A little-noticed report from the most recent American Medical Association annual confab called for creating guidelines to test aging physicians for competency. The group wants to “head off a call for mandatory retirement ages or imposition of guidelines by others.”
It's a growing concern now that 26% of active physicians in the U.S.—about a quarter of a million docs—are over 60. Fears that they will soon go running for the exits and create a physician shortage are competing with fears that they will stick around forever and create a quality performance gap.
The report largely accepted the idea that physician skills deteriorate with age, according to an article that appeared on the AMA Wire. Older physicians may suffer from a decreased working memory, declining visual acuity and slower mental operations, the report said. “Research also shows that older physicians are less likely to acquire new knowledge over time, (and) older primary-care physicians are less likely to incorporate new treatment strategies into their practices,” the report stated.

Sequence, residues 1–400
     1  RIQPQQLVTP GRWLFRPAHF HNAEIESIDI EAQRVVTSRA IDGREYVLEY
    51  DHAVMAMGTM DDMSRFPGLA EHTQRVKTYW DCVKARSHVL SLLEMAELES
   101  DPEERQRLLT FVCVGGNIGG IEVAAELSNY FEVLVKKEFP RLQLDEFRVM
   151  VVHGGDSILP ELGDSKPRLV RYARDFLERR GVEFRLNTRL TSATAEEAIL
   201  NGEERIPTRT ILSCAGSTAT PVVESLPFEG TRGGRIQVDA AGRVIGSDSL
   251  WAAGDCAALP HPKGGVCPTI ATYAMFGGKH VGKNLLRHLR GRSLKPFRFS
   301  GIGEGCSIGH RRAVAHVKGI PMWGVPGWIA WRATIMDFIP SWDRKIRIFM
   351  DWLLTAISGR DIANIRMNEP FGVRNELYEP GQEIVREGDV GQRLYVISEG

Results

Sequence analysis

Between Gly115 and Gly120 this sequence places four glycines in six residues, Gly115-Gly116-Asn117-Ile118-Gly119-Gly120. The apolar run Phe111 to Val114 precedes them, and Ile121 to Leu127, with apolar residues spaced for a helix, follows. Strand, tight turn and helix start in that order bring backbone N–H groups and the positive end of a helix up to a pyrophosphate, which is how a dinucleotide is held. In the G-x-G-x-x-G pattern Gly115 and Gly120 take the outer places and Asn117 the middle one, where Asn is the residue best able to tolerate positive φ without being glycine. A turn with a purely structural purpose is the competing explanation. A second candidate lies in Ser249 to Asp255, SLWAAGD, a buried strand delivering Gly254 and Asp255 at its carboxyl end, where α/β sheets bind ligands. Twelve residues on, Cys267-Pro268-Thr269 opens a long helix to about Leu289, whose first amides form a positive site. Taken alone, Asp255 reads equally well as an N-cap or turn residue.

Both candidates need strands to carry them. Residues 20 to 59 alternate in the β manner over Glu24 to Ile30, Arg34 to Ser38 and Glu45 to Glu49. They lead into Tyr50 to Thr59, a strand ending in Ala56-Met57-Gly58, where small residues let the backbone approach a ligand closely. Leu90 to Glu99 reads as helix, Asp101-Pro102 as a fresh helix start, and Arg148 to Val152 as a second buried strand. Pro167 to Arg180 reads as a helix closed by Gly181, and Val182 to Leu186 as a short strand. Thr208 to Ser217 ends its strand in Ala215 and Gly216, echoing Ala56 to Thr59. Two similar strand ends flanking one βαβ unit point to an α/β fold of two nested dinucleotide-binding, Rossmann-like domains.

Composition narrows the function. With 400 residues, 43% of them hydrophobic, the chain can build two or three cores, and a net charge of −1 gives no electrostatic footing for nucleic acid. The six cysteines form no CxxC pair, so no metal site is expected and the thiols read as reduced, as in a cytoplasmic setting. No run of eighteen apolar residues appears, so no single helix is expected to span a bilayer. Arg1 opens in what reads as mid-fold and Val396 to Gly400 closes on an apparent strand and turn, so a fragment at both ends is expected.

Not so fast, argues Dr. Joel Kupfer, a professor at the University of Illinois College of Medicine in Peoria. In a viewpoint that reviewed existing studies in the current Journal of the American Medical Association, he said there's not much evidence backing claims that older physicians are more likely to see their skills deteriorate or avoid learning the latest techniques.
“The research in this area is inconclusive, and physician age may have less influence on clinical performance than previously thought,” he wrote. “Hours worked, number of patients seen per week, availability of specialists and the functionality of the electronic health record” are increasing stress and may play a much larger role in influencing clinical performance.
By all means, create a national standard for testing physician competence, he said. But it should “be applied to all physicians, regardless of age, wherever and whenever they work.”